the water in the bay is very low, which, I judge, has been the cause of the enemy not attacking me last night or this morning.
I sent dispatches to Colonel Bates last night, notifying him of the surrounding circumstances here. Have heard nothing from Colonel Bradfute since my last.
I intend, as soon as I can get above the Pass, to obstruct it below against the enemy's approach with King, Kennedy & Co.,' light- draught steamers. They were probably posted yesterday morning by some traitors of the Carr being up here for troops, and thought, no doubt, they would "gobble us up." They no doubt know the amount of cotton also which is at Matagorda, which is now being rapidly hauled off, and in case they do make a raid, they will bet nothing.
Two schooners were chased by the enemy's gunboats yesterday evening on the bay, and no doubt have been captured.
If I get the boat over the bar to- night, I will leave her to protect the upper bay. I shall post you constantly of every occurrence of note. After getting everything straight here, I shall probably leave for Lavaca in a small boat.
I am, general, very respectfully, your obedient servant,
Commanding Marine Department.
HEADQUARTERS DISTRICT OF TEXAS, &c.,
Alleyton, Tex., December 1, 1863,
Brigadier General W. R. BOGGS, Chief of Staff:
SIR: I have issued an order preventing the passage of all cotton, Government and private, over the railroads, as they are needed for strictly military purposes.
I would respectfully advise that no cotton be allowed to be transported beyond the Colorado River; that all cotton now on wheels beyond Colorado River shall be moved out of the country by Eagle Pass, and other than this that there shall be no movement of cotton, except to get out of reach of the enemy.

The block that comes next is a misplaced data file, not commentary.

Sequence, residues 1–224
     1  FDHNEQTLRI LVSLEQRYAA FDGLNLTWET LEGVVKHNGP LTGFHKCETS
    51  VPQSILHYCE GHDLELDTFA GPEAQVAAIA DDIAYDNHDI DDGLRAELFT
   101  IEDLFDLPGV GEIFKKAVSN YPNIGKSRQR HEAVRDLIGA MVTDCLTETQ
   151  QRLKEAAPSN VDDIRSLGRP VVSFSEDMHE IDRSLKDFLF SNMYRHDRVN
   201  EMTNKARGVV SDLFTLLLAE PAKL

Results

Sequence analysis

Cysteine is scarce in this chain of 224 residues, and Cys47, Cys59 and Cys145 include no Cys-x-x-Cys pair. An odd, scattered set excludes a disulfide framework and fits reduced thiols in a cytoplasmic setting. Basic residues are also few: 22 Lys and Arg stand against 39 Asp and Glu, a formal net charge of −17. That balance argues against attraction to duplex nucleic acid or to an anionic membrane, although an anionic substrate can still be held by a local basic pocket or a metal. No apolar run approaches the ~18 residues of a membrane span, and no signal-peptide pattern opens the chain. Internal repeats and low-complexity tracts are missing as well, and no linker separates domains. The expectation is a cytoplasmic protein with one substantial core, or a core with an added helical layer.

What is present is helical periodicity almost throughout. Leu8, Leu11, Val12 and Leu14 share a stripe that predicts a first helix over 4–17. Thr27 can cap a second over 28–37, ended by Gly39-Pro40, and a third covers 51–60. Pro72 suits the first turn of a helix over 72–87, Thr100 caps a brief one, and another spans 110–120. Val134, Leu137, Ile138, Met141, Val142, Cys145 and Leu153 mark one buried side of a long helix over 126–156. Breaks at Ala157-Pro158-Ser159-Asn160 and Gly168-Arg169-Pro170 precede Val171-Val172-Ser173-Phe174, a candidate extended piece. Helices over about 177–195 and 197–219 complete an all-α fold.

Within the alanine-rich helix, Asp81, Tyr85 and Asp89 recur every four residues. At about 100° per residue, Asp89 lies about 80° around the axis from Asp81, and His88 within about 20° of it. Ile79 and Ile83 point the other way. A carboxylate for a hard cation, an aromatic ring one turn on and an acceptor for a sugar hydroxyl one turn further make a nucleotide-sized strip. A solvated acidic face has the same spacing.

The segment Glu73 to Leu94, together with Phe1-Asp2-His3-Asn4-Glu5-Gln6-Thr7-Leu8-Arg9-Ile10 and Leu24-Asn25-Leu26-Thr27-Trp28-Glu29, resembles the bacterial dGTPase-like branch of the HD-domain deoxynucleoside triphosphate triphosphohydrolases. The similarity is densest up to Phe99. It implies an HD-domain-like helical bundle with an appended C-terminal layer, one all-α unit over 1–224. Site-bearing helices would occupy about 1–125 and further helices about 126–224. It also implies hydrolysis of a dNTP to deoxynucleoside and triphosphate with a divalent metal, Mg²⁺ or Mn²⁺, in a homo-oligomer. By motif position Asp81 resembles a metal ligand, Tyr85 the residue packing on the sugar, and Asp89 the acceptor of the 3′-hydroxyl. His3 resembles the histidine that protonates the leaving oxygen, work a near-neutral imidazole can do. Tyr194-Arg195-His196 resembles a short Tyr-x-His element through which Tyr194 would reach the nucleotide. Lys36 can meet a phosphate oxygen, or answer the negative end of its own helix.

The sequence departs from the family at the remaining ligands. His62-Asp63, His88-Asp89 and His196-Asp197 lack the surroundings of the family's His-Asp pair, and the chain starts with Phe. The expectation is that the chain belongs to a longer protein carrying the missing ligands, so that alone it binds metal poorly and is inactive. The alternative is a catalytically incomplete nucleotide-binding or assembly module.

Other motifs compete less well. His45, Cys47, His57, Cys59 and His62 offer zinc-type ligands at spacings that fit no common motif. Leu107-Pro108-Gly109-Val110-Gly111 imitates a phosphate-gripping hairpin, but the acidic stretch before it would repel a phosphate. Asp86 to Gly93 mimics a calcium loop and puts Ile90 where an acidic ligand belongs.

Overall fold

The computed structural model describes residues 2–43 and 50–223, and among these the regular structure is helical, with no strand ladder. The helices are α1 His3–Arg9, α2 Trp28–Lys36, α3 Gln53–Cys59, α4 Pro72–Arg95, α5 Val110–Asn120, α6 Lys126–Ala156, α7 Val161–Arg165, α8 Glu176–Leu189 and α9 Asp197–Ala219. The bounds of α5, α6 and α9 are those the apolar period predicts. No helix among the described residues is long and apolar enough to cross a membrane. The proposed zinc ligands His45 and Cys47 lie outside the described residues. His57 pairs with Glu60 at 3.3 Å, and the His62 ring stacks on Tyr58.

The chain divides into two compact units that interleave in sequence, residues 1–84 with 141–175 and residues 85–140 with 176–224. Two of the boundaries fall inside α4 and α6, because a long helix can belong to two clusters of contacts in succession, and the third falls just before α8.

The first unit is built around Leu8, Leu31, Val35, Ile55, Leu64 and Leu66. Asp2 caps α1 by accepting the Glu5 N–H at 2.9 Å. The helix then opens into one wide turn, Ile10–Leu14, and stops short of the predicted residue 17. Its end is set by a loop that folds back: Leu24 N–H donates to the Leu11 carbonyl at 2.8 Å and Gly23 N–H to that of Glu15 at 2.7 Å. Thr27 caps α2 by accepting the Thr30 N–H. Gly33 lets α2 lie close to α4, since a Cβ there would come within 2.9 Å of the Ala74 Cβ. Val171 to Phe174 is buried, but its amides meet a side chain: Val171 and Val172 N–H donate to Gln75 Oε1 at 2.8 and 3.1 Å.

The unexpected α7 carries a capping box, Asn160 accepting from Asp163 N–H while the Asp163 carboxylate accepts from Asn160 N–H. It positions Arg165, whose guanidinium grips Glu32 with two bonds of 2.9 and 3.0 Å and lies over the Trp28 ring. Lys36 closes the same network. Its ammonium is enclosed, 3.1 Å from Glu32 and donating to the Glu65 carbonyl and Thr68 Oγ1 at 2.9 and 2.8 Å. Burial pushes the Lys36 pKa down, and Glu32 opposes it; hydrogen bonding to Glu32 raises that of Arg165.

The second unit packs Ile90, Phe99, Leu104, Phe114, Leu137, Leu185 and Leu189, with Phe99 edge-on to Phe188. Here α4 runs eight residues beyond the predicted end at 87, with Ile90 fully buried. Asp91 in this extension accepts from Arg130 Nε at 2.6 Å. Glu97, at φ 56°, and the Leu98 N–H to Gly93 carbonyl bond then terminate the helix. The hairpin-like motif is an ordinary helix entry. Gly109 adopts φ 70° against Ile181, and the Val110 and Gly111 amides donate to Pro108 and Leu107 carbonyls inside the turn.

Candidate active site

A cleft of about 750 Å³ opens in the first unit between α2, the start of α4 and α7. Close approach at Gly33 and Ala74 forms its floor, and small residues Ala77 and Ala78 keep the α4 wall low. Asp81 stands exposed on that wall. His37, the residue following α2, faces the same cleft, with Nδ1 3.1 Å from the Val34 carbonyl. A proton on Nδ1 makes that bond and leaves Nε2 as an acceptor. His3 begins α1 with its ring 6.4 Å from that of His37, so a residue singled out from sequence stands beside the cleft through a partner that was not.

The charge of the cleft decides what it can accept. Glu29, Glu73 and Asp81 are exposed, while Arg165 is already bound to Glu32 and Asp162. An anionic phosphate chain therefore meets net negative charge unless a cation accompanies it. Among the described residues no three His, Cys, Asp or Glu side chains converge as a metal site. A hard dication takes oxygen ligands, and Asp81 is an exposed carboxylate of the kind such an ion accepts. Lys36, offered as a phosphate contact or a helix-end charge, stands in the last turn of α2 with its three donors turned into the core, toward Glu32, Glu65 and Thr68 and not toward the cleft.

Government [cotton] already loaded on the cars will be allowed to proceed to Columbus. Major Russell is in Mexico making arrangements, and, when he is heard from, cotton will be allowed to pass out in the manner determined upon by him, if his plans are approved.
I send a report of Acting Master Neal,* of the navy, and also one from Colonel Bradfute, * commanding line of the coast. The information given by Neal I think is correct.
In addition, I have to state that my aide- de- camp, Lieutenant Murray, said two large transports loaded with troops go from the east to Saint Joseph or Mustang Island- about 1,500. Washburn, who you observe is in command on Mustang Island, came with them. I learned just before I left Houston, from officers just from Green's command, that the enemy is fortifying at New Iberia.
From all this I infer his plans to be to attack the islands in the west and proceed eastward, operating in conjunction with his fleet. I am likewise informed that he is short in sea- going transports, but has a plenty of river boats not fit for sea. As he proceeds eastward, he gains his re- enforcements with more facility and less danger.
Should Salluria fall, Matagorda Bay and the rich country bordering